Read about Jack Whyman Farina’s experience – in his own words – of the programme below:

“I work for RBS in Finance as a Reference Data Manager. We look at the systems and general ledger of the bank and end to end systems to ensure everything is going smoothly. If everything is working you shouldn’t need to know we exist

When it was first suggested to me that I should go on Phil Friend’s career development course for disabled employees I didn’t think I would get much from it, I was quite content and didn’t think there was much for me to learn. It was talking to one of the co-chairs of ENABLE, the staff disability network that changed my mind. If a senior manager like him had found it useful who was I to say no to going? He said the course had given him a greater understanding about other people. Learning more about empathy made him approach situations differently and he felt it gave him an additional string to his bow.

Expectations

I wasn’t 100% sure what I was expecting from the course. I was a little worried that it was going to be a bit too basic. I was content with who I was. I’ve contacted organisations outside RBS for advice such as the Number 6 Autism Initiative charity in Edinburgh where I met someone who helped me to understand my diagnosis of Asperger’s. Basically I didn’t have high expectations of the course.

My biggest fear was that it would all be classroom style learning. At school I found this style of teaching really difficult because I learn in a very interactive and cognitive way. I have dyspraxia as well as Asperger’s so a “copy and paste into your notebook” way of learning really doesn’t work for me. At school, homework that should have taken twenty minutes took me two hours. I couldn’t have been more wrong. Phil and David, his co-trainer, involve everyone from the outset and the whole course is completely interactive.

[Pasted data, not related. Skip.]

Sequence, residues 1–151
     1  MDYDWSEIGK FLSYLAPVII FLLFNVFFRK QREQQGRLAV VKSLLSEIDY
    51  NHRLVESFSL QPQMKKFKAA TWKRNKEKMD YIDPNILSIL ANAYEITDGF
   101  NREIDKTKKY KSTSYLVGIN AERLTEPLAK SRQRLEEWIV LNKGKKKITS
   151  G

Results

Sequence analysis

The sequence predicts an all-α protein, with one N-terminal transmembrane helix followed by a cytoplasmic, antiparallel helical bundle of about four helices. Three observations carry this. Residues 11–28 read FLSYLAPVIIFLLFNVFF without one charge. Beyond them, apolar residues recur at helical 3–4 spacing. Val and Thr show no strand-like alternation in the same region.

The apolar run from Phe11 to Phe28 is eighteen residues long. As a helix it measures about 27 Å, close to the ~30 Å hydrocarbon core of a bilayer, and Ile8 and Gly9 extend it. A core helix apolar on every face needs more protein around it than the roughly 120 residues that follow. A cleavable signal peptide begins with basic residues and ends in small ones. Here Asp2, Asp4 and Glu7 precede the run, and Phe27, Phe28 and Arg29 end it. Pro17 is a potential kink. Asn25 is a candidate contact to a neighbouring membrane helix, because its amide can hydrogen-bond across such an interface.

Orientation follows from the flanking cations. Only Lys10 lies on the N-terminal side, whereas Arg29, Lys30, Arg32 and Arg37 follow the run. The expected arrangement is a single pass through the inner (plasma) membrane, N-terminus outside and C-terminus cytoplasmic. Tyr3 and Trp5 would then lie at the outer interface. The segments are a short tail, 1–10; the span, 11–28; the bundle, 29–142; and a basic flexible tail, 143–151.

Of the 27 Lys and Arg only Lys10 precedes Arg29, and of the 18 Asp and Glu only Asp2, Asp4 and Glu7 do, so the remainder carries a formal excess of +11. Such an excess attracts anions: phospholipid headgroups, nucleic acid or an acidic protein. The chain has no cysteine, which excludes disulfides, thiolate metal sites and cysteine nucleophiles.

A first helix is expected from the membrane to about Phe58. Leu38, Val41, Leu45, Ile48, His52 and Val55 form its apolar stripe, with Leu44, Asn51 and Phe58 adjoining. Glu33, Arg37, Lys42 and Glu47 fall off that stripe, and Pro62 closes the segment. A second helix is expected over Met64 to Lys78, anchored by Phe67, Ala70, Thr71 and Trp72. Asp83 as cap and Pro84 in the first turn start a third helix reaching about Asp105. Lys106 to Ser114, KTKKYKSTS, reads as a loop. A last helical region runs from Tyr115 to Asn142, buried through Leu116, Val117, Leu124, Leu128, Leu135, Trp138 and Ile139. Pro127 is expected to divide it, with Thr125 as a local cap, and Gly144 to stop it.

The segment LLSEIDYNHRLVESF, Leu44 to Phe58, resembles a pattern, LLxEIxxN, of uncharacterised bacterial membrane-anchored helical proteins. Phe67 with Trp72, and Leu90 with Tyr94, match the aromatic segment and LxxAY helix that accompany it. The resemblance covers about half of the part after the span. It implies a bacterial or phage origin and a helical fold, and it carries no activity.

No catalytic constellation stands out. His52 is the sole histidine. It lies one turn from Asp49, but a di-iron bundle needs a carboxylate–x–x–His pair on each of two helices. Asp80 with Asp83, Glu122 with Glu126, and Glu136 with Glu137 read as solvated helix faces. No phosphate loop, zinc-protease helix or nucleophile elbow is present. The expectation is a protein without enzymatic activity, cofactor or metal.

Challenges

People with Asperger’s stereotypically find empathy difficult and I found this the most challenging part of the course. I was feeling quite content with who I was but I was with individuals, all at different levels within the bank who were at very different stages of their impairment. Some were very raw and upset and others, like me, were happy and content with their lives. I was worried that I wasn’t going to be able to empathise because I wouldn’t understand their situation. I think the dictionary definition of empathy is very arrogant. How can anyone know how someone else feels?

Jack Whyman Farina - a man looking to his right

Jack Whyman Farina

Revelations

I still don’t believe I know how others feel but the biggest breakthrough for me was learning about the Kubler-Ross Grief Curve on the course. Phil and David showed us a visual bell curve and graph. The Kübler-Ross model talks about the five stages of grief that most people experience when faced with any sort of loss such as a bereavement or relationship breakdown, job loss or acquiring a disability. The five stages are denial, anger, bargaining, depression and acceptance.